equilibrium nitrogen gas pressure is so high that voids and porosities
can form. These porosities will form at lower nitrogen concentrations
when the temperature is increased. This is the reason why the experimentally determined nitrogen concentration decreases as temperature increases, as shown in Figure 16. The 930°C data indicates that
in extreme cases the denitriding may even become higher than the
nitriding rate.
PCH (eq), where PCH (exp) is the actual empirically measured atmos4
4
phere methane concentration, and PCH (eq) is the equilibrium meth4
ane concentration. The actual methane concentration, PCH (exp),
4
is always higher than the equilibrium concentration, PCH (eq). The
4
reason for this is the high stability of the methane molecule, which
means that the reaction
C. Atmosphere Carbon Activity
According to the preceding paragraph, the carbon activity of the furnace atmosphere can be calculated from:
ac = (K1 · PCO · PH )/PH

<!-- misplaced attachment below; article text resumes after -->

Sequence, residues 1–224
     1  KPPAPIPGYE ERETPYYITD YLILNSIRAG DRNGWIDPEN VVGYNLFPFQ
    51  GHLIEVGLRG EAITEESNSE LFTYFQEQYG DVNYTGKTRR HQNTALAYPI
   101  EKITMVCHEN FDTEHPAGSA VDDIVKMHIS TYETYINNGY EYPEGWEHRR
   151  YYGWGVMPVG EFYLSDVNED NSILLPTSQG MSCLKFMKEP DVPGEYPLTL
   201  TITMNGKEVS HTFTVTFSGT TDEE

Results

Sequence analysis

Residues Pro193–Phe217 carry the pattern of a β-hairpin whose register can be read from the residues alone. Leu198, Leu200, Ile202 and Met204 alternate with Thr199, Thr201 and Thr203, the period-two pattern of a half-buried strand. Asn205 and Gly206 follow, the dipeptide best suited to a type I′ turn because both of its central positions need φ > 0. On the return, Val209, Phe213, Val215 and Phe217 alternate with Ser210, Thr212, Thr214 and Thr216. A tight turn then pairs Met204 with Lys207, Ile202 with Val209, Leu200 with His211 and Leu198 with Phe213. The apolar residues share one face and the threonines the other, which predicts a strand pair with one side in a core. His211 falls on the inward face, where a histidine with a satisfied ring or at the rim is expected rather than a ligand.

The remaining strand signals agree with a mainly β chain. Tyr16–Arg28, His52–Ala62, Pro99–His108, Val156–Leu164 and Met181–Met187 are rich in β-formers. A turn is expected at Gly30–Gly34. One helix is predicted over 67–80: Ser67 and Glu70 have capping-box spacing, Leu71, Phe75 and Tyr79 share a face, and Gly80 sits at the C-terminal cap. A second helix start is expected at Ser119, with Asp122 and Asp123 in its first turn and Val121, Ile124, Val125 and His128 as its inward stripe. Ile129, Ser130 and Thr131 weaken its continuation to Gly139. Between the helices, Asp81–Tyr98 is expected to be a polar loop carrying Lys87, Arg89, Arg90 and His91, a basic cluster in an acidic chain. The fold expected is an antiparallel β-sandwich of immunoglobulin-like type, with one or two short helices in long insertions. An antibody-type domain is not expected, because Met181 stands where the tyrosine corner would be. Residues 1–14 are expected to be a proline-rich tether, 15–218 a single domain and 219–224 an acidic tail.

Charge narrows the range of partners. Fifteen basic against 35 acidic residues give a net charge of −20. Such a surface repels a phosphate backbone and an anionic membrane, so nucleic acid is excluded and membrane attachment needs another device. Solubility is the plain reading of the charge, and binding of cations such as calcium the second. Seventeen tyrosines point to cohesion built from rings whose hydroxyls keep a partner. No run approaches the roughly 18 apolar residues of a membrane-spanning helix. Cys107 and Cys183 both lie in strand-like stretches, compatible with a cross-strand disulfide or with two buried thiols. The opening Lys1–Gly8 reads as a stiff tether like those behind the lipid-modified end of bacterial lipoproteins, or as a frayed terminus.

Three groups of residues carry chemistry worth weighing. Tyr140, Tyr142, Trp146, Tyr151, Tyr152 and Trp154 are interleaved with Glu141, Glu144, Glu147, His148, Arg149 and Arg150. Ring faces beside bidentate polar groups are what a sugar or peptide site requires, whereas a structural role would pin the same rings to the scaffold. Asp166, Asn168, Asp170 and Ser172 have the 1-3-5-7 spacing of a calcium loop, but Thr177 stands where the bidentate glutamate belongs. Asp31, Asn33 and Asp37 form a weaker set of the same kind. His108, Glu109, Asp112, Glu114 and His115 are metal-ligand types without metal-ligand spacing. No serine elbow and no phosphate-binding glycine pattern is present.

2
does not reach equilibrium. The carbon activity expressed by
ac = K4 × PCH (exp)/PH 2
4
2
is therefore higher than the equilibrium carbon activity, for instance
based on the equilibrium
2O
The equation is valid under conditions of equilibrium, i.e. the state the
system would assume if it was left undisturbed for an infinite length
of time. Practical experience shows that the assumption of equilibrium
in the gas phase is reasonable for normal carburizing conditions. It is
therefore possible to control the gas composition to the desired carbon activity if the value of the equilibrium constant K1 is known. From
the expression above, we see that the carbon activity can be controlled if PCO , PH and PH O can be controlled. This is the basis for dew
2
2